Your guide to expat life in Italy

Working in Italy

The Italian economy is still feeling the effects of the global recession and competition for jobs is high. But there are plenty of opportunities for expats, especially in the automobile and textile industries.

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Doing business

Although Italy’s economy is one of the largest in Europe, unemployment remains high in some parts of the country. In general, the prosperous northern region has the most lucrative job opportunities for expats.

In The World Bank’s 2016 Ease of Doing Business Survey, Italy was ranked 45th out of 189 countries. It scored particularly well for trading across borders, but poorly for the red tape involved in enforcing contracts and handling taxes.

Earning potential for expats is high, especially in executive roles at multinationals. Local businesspeople have plenty of experience dealing with foreign partners, which should make adjusting to your new work environment a little easier.

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Business culture

The business culture in Italy is different from other European countries. Understanding the idiosyncrasies should help you adapt more quickly.

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Relationships

Family is central to Italian society – and this influences the way people do business. Many small to medium companies are family owned, but nepotism in the workplace is rare.

Hierarchy

Seniority is respected and decisions are made from the top down. Someone’s job title isn’t always an accurate reflection of their power in a company – and influence is strengthened by who you know.

Punctuality

Italians are usually relaxed about time, but running late without good reason is considered rude – so it’s best to be punctual.

Communication-style

Italians prefer face-to-face meetings or phone calls over emails. Expressive gestures and emotional debates are common in business meetings.

Fast facts

Business language

Italian is the official language. Many locals speak English, but don’t assume this will always be the case.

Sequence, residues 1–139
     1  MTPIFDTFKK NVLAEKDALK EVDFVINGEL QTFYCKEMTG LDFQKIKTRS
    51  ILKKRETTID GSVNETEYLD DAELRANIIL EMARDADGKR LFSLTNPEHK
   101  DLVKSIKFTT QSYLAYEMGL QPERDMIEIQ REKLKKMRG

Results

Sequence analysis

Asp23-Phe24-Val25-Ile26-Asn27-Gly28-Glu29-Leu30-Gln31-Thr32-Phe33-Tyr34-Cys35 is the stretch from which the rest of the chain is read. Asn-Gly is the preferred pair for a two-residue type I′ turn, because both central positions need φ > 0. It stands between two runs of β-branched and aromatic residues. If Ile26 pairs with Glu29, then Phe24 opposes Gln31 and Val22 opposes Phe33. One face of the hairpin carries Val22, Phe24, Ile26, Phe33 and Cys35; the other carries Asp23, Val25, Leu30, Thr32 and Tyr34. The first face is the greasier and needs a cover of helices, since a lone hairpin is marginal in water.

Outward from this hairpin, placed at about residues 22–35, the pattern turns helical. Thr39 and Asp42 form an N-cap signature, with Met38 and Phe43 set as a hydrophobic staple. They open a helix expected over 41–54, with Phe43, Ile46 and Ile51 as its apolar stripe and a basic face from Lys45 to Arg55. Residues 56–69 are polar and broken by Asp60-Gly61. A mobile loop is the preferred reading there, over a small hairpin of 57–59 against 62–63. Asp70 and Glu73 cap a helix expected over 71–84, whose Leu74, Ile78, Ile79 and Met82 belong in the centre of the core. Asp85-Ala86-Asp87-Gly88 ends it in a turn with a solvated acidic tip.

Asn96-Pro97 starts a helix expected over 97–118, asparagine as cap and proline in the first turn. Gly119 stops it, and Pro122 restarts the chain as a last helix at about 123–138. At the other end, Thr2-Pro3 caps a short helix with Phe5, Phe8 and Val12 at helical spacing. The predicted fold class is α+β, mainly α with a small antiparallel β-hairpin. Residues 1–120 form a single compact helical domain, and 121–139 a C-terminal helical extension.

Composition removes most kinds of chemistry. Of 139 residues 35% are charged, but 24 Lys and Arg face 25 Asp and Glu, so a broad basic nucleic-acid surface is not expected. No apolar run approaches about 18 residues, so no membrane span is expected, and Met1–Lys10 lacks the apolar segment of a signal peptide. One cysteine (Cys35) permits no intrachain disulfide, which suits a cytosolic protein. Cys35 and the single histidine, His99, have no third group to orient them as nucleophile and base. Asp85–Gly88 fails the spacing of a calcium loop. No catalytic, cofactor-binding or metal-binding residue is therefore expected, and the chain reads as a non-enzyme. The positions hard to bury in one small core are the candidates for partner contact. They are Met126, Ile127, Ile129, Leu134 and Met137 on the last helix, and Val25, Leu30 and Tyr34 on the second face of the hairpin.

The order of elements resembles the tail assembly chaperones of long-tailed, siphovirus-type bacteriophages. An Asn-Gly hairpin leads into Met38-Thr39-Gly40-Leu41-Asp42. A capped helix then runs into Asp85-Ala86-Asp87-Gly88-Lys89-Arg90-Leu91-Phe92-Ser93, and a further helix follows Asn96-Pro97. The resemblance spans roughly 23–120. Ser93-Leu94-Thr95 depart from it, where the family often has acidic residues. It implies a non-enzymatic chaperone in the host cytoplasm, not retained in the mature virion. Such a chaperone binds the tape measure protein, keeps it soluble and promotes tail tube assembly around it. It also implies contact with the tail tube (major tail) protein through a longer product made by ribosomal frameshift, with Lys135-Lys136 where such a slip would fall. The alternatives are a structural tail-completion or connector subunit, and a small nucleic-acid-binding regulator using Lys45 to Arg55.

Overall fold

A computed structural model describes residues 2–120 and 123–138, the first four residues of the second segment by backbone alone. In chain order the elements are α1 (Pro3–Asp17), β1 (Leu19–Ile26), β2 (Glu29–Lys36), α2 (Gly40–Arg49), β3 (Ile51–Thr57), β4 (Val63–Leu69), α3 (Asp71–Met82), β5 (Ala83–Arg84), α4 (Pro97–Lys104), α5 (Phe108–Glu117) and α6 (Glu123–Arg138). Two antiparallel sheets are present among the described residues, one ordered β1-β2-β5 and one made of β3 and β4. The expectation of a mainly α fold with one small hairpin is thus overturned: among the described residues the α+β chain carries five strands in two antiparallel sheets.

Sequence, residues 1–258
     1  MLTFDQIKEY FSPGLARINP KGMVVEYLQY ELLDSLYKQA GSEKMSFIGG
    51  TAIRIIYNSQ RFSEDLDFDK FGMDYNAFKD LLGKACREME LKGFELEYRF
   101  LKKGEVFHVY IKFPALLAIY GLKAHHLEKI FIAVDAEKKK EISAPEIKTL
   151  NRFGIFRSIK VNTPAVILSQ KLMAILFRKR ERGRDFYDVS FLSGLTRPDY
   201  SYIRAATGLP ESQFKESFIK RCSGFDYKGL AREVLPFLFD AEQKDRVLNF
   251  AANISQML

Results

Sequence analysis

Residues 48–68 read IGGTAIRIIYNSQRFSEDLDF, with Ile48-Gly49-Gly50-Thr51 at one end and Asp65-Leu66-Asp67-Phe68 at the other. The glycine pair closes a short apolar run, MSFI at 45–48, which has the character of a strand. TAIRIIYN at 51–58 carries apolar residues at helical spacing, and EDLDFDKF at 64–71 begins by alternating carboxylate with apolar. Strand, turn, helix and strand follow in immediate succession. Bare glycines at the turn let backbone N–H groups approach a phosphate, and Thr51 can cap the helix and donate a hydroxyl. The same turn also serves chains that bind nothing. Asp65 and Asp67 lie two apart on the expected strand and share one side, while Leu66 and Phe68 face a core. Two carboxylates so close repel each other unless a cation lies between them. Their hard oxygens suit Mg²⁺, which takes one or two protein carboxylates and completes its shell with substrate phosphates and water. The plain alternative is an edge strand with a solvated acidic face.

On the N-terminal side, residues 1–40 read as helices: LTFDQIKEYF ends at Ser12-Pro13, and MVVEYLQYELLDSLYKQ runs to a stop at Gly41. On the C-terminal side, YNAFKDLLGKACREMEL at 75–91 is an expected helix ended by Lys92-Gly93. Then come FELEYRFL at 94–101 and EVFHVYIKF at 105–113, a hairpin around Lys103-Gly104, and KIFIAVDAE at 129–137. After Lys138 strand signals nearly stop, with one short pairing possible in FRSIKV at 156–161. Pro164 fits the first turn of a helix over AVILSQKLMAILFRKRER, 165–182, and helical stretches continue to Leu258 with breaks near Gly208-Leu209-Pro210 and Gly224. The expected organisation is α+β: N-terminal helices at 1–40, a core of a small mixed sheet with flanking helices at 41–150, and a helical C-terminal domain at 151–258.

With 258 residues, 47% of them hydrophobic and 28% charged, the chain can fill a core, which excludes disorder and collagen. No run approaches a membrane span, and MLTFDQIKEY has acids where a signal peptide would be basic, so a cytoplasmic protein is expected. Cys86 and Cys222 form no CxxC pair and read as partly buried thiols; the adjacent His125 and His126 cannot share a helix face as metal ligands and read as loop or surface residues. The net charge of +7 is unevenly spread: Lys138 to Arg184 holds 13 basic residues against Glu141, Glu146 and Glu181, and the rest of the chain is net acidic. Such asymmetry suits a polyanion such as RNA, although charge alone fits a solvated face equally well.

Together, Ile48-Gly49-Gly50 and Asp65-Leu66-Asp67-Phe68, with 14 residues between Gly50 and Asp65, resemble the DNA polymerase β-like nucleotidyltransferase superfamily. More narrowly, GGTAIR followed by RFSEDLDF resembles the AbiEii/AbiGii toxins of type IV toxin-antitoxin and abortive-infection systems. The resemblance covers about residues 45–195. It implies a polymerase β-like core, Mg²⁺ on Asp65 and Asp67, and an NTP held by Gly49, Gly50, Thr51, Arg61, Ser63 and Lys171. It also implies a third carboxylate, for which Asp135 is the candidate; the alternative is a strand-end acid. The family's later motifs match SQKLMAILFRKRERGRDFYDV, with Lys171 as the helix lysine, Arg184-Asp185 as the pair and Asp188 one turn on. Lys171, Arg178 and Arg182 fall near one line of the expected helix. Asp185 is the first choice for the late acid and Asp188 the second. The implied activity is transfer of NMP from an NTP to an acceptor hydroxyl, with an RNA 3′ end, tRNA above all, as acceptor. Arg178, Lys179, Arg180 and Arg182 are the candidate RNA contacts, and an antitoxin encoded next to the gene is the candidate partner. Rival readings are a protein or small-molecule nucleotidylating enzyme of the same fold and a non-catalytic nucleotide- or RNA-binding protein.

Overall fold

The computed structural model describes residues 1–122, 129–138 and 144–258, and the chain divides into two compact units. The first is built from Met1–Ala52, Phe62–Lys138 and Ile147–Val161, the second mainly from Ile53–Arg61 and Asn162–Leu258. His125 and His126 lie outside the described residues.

Business hours

Usually from 8am to 7pm, Monday to Friday, with a two-hour lunch break between 1pm and 3pm.

Dress

Italians are known for being stylish and you’ll be expected to make an effort to dress well. Formal, classic businesswear is a safe bet for both men and women.

Greeting

Greet people with a firm handshake. Close associates might kiss each other on both cheeks.

Gifts

If you receive a gift from a business partner, it’s polite to give them something in return. Quality and presentation are important, but gifts shouldn’t be lavish.

Gender equality

While there are exceptions, women are generally under-represented in the higher levels of business in Italy. Expat businesswomen are treated with respect and courtesy, but they’re often complimented on their appearance by male colleagues – and flirtation in the workplace is fairly common.

Expat salaries

Multinational companies tend to offer the most lucrative employment packages. Salaries are lower in the south of the country, as is the cost of living.

Learn some Italian before getting there, it might be difficult otherwise.

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Making life easier for expats

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All Expat Explorer survey data and all tips (in quotation marks) are provided by HSBC.

All other content is provided by expatarrivals.com, Globe Media Ltd and was last updated in August 2016. HSBC accepts no responsibility for the accuracy of this information.

This information does not constitute advice and no liability is accepted to recipients acting independently on its contents. The views expressed are subject to change.

Always remember to ensure you are aware of and comply with any laws in your host country or country of origin that apply to gift giving and bribery.